1) How is THC content measured in the bloodstream?
2) How could this be tested in the field?
3) How long would reliable and portable tests take to become readily available?
The issues that further stem from this concern are many. How often would new THC legislation change to conform to a constantly moving target of national homogenous standards? Would Congress step in to create base-line standards? How would the THC consumer protect themselves against prosecution during the formative years of THC regulation?
Posted by: Eric Matthews | Aug 9, 2011 11:33:29 PM
You have to distinguish between the strongest legitimate arguments and the strongest arguments that aren't really true, like the ones used by the drug czar, DEA, and other government officials.
The strongest legitimate argument is that we as a society want to select the types of intoxication available to adults, and to enforce our own beliefs about this issue on others. Since we have Supreme Court precedent that allows us to do this, then we exercise the power available to us to allow some drugs, like alcohol and nicotine, but not others, like marijuana.
None of the other arguments hold much water.
Posted by: Anonymous | Aug 10, 2011 2:10:10 AM
I can think of two additional ones:
1. We don't fully understand the physical harms (and likely benefits)that canniboids produce in the body. Our knowledge of the endocannabinoid system is relatively new. Since legalization would likely result in increased use, the cost to the health care system is unknown.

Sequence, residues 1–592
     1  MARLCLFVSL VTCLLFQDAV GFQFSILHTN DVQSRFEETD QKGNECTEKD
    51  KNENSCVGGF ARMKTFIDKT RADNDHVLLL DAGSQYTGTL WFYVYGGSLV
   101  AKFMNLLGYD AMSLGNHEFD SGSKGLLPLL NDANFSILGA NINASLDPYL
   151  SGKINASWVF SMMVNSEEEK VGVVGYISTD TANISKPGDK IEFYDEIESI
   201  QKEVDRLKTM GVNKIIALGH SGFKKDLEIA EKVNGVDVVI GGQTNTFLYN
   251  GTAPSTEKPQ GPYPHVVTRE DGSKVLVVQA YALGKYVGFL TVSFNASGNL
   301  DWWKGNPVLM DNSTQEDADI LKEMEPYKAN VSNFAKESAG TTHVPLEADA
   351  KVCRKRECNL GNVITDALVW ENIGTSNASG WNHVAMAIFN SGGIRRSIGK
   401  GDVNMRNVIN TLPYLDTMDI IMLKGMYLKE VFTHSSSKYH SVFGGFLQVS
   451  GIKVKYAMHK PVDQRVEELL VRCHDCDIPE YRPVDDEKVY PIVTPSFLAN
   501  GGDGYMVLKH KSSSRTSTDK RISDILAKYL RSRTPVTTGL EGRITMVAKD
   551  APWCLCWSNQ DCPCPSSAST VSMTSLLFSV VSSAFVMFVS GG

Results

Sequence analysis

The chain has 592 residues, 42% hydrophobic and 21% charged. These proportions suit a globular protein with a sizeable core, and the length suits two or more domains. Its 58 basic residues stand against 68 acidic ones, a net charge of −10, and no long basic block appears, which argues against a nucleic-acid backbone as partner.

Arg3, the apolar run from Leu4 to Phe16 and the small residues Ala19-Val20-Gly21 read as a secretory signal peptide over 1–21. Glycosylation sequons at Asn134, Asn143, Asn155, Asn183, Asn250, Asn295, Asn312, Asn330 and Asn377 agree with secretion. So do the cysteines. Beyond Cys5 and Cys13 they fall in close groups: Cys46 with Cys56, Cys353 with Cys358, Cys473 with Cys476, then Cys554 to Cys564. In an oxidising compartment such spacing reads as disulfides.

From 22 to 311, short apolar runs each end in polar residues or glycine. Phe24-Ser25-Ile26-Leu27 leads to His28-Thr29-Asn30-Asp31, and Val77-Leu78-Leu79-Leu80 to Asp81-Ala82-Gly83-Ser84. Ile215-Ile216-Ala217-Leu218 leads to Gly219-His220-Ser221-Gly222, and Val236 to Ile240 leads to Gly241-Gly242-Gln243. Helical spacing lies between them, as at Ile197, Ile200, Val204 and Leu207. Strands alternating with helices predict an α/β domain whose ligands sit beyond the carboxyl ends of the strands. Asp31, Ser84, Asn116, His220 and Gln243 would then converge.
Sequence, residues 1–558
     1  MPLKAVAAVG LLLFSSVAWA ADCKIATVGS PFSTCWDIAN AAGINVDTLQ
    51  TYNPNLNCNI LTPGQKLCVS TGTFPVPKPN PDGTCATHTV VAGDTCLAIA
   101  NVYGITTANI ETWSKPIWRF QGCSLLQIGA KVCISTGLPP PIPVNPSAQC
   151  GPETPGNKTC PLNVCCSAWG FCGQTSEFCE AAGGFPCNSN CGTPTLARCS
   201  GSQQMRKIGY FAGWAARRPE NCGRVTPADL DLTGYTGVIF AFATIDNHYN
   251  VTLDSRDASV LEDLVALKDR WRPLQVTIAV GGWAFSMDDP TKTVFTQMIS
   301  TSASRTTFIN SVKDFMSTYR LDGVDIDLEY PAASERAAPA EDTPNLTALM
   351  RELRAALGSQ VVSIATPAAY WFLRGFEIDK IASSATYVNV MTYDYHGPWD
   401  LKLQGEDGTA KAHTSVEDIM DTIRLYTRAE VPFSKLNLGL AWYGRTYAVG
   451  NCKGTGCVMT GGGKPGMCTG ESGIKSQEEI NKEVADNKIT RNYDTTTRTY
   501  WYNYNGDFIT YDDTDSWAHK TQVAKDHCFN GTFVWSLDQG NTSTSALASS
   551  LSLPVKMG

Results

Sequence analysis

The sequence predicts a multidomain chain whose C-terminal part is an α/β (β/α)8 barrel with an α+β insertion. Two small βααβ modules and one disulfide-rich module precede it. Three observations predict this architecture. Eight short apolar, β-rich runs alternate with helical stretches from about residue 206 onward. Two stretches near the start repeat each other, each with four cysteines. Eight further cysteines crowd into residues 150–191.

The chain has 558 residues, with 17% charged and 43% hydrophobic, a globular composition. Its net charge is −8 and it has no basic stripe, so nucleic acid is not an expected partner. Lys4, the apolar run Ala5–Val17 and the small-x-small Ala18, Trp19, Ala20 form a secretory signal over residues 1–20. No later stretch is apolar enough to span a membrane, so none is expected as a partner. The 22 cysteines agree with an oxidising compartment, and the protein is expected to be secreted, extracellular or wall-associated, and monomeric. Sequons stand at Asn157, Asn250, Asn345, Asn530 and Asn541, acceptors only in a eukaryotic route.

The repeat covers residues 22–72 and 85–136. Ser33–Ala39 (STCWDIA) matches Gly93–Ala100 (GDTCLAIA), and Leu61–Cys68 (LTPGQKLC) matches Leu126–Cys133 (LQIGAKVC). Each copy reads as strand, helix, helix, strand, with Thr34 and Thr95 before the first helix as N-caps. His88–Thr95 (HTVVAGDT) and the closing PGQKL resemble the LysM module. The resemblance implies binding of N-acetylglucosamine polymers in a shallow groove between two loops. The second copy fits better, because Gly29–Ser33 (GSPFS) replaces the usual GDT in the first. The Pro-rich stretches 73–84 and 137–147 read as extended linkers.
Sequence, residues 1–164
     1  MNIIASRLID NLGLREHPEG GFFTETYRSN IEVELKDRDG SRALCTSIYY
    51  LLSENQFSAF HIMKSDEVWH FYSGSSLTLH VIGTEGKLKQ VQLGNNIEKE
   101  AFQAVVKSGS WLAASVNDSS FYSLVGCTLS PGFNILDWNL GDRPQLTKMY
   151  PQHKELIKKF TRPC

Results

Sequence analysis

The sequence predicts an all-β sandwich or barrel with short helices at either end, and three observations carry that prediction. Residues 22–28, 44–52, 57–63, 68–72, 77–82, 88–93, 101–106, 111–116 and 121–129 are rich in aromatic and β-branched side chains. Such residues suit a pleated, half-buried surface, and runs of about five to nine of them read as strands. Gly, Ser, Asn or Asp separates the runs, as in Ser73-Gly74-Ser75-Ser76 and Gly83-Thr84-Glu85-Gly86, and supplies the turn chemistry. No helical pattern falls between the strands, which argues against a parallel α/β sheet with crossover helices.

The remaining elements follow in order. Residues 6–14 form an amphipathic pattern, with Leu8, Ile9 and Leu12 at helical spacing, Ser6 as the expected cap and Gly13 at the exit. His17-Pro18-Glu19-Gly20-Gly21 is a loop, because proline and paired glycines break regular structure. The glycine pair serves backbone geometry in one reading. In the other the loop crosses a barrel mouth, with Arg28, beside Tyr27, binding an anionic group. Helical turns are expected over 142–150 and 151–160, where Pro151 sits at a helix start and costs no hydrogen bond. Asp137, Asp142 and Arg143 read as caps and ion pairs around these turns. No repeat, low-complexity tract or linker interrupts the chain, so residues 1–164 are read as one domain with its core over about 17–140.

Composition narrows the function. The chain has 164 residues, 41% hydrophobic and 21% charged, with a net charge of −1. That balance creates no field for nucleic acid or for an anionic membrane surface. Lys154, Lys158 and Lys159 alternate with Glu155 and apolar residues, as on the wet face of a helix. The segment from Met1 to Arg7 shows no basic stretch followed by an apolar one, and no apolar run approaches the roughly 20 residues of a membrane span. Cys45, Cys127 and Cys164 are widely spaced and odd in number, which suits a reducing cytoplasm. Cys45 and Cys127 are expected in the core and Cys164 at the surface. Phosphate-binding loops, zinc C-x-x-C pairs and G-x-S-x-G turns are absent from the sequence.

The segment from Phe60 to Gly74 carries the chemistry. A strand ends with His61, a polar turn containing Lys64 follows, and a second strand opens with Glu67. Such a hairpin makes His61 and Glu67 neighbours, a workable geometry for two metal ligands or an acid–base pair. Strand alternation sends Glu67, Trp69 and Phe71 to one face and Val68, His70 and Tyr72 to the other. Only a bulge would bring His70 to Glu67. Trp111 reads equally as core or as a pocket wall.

2. We now have a good handful of studies which how shown a link between marijuana use and onset of psychosis. There's debate about whether this is an independent effect and the effect size seems small, but given how terrible psychosis is a variety of contexts (suffering, cost, etc.) even a small effect size should give us pause.
Posted by: Steve Erickson | Aug 10, 2011 8:18:09 AM
There's a bit of a problem with the question itself: "the strongest arguments against legalizing marijuana and regulating it like hard liquor." This, quite frankly, is the kind of argument that marijuana policy has been involved in for years as a way of short-circuiting the larger discussion.
Each argument against legalization needs to be taken as part of the whole, instead of by itself. For instance, the danger of an as-yet unproven causal link between marijuana use and mental illness for a tiny fraction of the population may sound scary... until you put it into context of all the problems of marijuana prohibition (800,000 arrested each year, families and communities destroyed, corruption, gangs, thousands dead in Mexico, etc., etc.) along with the complete unknown as to whether legalization will, in fact, exacerbate the unproven problem (since those with psychosis tend to seek out marijuana to self-medicate, maybe legalization won't increase the number linked, and, in fact, studies have indicated as much).